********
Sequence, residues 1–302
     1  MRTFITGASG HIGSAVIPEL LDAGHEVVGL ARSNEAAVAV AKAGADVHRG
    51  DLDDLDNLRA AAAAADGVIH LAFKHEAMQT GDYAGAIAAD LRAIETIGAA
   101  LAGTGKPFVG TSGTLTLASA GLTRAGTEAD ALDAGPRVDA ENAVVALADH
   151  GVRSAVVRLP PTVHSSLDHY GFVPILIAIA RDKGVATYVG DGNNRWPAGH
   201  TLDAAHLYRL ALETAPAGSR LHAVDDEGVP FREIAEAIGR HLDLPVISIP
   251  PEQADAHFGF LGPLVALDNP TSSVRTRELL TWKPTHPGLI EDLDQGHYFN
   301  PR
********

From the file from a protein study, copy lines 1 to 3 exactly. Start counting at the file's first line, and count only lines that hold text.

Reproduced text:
Sequence, residues 1–302
     1  MRTFITGASG HIGSAVIPEL LDAGHEVVGL ARSNEAAVAV AKAGADVHRG
    51  DLDDLDNLRA AAAAADGVIH LAFKHEAMQT GDYAGAIAAD LRAIETIGAA